Why are legal documents so complicated?

Posted by Keith Lewington in Excello Law Blogs on Tuesday, August 19th, 2014

A recent social media conversation about the importance (or otherwise) of grammar, spelling etc made me think it might be interesting to do an occasional blog post about the way legal documents are drafted and how they are written. In part, I am hoping to explain why legal documents are so wordy and complicated, but before I start defending myself and lawyers generally, let me make it clear that I do actually agree with many clients that a lot of legal documents are unnecessarily long, complicated and difficult to read. English documents are improving, but if you have ever read a US legal document…..!
All too often the authors of legal document could actually have made them a lot shorter and a lot easier to understand, but there are reasons why it’s not always possible to do that – or at least not to the extent our clients would like.
Let’s start at the beginning. When I teach young lawyers about drafting documents, I start by emphasising the three ‘C’s’ which govern the principles of drafting: the document you produce must be Comprehensive, as Clear as possible, and as Concise as possible.
My last blog was about entire agreement clauses – the clause in most contracts which says the contract contains the entire agreement and understanding between the parties. And so it should: no side letters; no “gentlemens’ agreements”; no “everyone understands what it means”; no “it’s obvious”. The document must be Comprehensive. It must contain all the terms agreed or understood by the parties. That is the first and most important rule.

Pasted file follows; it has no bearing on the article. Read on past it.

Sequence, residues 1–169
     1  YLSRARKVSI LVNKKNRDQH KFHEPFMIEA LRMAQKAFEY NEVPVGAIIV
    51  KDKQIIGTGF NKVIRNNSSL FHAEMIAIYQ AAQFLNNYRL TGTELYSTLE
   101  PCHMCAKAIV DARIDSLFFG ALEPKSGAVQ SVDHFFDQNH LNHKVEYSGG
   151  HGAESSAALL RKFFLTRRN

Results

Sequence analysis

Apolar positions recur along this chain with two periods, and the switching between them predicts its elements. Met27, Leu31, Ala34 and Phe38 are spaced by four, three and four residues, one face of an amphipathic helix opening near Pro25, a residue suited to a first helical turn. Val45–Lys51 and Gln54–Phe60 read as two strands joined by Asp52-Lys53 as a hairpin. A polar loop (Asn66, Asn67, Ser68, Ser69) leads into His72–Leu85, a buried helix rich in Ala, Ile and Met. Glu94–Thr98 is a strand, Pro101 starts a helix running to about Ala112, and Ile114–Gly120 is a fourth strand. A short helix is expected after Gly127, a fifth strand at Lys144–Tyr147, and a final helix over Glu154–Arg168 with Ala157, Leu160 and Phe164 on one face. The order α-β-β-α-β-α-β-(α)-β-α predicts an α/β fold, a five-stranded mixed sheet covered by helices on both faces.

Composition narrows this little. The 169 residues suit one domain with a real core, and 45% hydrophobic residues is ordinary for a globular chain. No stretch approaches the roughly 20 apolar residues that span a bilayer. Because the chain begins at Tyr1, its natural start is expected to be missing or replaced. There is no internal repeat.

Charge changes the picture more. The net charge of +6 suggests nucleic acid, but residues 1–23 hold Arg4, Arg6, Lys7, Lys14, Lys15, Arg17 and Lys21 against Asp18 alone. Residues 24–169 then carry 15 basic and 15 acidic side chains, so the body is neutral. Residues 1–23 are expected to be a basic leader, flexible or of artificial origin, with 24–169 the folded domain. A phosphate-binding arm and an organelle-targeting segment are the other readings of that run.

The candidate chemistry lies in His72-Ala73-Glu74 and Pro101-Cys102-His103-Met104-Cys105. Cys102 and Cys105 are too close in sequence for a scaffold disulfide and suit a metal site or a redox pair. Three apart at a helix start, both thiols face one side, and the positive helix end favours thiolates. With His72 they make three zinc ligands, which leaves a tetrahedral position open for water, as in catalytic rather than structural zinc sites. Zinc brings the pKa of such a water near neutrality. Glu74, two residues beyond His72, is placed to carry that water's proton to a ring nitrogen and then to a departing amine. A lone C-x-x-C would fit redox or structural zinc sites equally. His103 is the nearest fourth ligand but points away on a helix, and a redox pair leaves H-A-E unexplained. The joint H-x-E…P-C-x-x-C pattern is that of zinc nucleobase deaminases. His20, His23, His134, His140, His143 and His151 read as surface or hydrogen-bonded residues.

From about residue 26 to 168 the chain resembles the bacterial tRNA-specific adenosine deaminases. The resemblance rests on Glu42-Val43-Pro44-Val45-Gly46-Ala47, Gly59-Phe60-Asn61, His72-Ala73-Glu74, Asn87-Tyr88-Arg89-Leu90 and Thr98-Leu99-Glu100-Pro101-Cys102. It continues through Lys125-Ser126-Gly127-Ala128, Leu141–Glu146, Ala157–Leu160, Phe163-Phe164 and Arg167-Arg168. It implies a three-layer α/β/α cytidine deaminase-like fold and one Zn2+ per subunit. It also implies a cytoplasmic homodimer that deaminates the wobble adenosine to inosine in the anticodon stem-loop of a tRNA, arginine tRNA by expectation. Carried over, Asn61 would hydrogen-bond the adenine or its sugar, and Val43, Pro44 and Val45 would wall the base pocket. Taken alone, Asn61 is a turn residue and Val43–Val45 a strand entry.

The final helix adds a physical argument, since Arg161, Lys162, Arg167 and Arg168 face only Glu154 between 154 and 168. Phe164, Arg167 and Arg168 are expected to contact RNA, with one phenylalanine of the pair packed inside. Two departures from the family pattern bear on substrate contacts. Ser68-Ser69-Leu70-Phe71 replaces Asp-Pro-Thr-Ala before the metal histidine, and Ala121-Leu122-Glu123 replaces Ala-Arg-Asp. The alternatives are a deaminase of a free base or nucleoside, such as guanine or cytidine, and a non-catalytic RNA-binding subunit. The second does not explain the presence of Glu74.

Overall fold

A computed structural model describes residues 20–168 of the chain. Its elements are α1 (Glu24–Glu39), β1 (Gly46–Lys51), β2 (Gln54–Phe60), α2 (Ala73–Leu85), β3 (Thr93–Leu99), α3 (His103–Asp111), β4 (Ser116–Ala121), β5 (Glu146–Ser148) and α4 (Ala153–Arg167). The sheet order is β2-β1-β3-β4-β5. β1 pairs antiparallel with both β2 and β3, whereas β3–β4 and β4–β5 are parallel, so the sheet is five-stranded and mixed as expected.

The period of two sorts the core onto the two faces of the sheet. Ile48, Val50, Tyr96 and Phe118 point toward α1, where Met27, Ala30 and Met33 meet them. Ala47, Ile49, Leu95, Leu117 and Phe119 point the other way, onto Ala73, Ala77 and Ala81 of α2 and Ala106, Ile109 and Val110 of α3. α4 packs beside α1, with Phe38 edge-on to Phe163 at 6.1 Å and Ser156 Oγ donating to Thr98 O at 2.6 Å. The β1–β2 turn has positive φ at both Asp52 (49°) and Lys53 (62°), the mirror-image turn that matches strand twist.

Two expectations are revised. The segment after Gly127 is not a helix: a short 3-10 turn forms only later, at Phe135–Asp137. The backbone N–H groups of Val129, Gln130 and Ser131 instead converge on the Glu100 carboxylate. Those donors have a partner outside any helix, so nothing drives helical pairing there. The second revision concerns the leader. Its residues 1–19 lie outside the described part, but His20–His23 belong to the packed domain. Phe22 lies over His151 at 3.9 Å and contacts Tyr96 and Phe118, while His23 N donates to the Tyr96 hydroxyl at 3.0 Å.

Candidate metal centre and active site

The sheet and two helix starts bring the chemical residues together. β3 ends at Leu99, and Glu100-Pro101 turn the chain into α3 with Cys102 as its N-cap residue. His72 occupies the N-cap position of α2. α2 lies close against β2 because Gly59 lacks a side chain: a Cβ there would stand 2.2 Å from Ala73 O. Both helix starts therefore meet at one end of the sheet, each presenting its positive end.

After that (and I stress after that) it should be Clear. There is no excuse for using the archaic language and complex sentence structure so many lawyers use, and no excuse for not punctuating a document properly. But many corporate and commercial deals are extremely complicated, and trying to set them out in words, comprehensively, accurately and without loopholes can require considerable ingenuity: often, it is simply not possible to express it in such a way that it sinks in first time. Complicated deals remain complicated and you have to read them for them to be Clear.
Finally, every client’s plea: “Keep it short!” Agreed. Don’t use three words where one will do, or waste space defining things that everyone understands anyway. But the document has to be Comprehensive, and if the deal is long and complicated, the document recording it will be as well. And remember that Concise doesn’t always go with Clear. You can say “The hereinbefore recited covenant” or you can say “The agreement referred to in paragraph x above.” Which do you prefer? But the second (clearer) version is actually 4 words and half a line longer.
So, first – Comprehensive; second – as Clear as possible; third – as Concise as possible.
More thoughts to follow another time.

This article was written by Keith Lewington
Keith Lewington

Keith is a company and commercial lawyer who worked as a partner in a major regional law firm for more than 25 years. His work covers a wide range of company and commercial work, but he deals particularly with company reorganisations and shareholders’ agreements and with bespoke commercial contracts. He has experience of many industry sectors, including acting for IT suppliers and software providers and in the motor industry, and also advises charities and social enterprises on constitutional matters and mergers . He also advises on data protection and personal privacy issues. You can email Keith at [email protected]

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